Definition: Inflation refers to the persistent rise in the general price level of goods and services.
Types of Inflation
- Moderate Inflation: The moderate inflation, also called as Creeping Inflation refers to a single digit annual increase in the general price level. During the moderate period, the price increases persistently, but at a mild or moderate rate, i.e. less than 10% or a single digit inflation rate. A moderate rate may vary from country to country, but however an important trait of this inflation rate is, it is predictable.
- Galloping Inflation: The galloping inflation refers to the exceptionally high inflation rate that leads to an increase in the general price level. Generally, the inflation is in double or triple digit and is reflected in the high price of goods and services, i.e. prices increase manifold. The double-digit inflation varies from 10% to 999% per annum and there is a great difference between these two limits. A country with 900% inflation will have more devastating effects than the one having 20-30% inflation.
- Hyper Inflation: As the name suggests, the hyper inflation is the situation when the prices rise at an alarmingly high rate, i.e. more than a three-digit per annum. The prices rising above 1000% per annum marks the beginning of hyper inflation. During this period, the paper currency becomes worthless, and people start trading in kind, such as gold and silver and often resort to the old barter system of commerce.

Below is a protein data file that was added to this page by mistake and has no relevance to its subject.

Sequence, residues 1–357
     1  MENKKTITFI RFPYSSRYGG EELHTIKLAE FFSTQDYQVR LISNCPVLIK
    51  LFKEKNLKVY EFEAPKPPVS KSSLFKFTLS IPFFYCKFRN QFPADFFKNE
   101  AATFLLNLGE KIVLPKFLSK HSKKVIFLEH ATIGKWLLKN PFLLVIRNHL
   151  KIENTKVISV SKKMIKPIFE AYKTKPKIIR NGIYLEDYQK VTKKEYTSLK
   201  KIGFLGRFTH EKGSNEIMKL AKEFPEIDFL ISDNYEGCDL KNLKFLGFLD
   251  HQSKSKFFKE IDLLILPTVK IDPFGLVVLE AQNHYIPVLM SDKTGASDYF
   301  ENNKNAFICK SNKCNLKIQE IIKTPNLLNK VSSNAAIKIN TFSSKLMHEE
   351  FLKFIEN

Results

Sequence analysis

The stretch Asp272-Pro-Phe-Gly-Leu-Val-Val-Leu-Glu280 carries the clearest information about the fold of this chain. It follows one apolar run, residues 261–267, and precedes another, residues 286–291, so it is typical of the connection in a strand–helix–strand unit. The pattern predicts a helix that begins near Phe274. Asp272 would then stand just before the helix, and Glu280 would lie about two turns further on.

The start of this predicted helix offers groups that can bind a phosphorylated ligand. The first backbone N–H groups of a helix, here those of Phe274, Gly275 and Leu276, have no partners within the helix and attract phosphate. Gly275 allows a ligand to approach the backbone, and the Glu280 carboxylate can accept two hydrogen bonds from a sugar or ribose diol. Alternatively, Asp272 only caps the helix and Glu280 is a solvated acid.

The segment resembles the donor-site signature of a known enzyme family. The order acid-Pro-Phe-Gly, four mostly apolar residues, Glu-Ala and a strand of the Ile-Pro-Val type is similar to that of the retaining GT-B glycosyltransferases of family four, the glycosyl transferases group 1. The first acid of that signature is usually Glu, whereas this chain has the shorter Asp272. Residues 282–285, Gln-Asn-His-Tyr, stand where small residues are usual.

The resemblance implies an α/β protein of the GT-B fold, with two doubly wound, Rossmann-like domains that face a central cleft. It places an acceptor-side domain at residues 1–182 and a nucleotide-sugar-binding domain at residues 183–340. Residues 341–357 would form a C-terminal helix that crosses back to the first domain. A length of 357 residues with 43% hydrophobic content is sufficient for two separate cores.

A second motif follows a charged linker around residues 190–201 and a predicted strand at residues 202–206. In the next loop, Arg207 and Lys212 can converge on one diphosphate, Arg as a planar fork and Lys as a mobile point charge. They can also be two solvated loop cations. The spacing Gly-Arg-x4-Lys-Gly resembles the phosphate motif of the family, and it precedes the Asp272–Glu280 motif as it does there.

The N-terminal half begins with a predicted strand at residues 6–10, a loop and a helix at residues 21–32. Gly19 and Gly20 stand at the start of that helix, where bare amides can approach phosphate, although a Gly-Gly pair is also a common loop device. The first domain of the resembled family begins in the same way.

Types of Inflation: On the Basis of Cause
- Demand-pull Inflation: The demand-pull inflation exists when the aggregate demand increases rapidly than the aggregate supply. In other words, for a given level of aggregate supply the aggregate demand increases manifold, then the demand-pull inflation occurs. This increase in the demand can be due to the monetary factors i.e., increase in money supply and real factors, Viz. Cut in tax rates, increase in government expenditure, upward shift in investment function, etc.
- Cost-Push Inflation: The Cost-Push inflation occurs when the cost of raw material, labor, and inputs necessary for the production of final goods increases. Such inflation is often caused by the monopolistic groups of the society such as labor unions and firms in the monopoly and oligopolistic market setting.
Strong labor unions force the wage price to go up that leads to an increase in the price of goods and services. This rise in the price level is called as wage-push inflation. Also, the firms enjoying the monopoly in the market raise the price level to increase their profit margins due to which the general price level increases. This is called as profit-push inflation. Another kind of cost-push inflation is the supply-shock inflation when the firms restrict the aggregate supply of goods and services.
Thus, one may conclude that inflation is either caused due to its rate and cause, thereby leading to a sustainable increase in the general price level in the economy.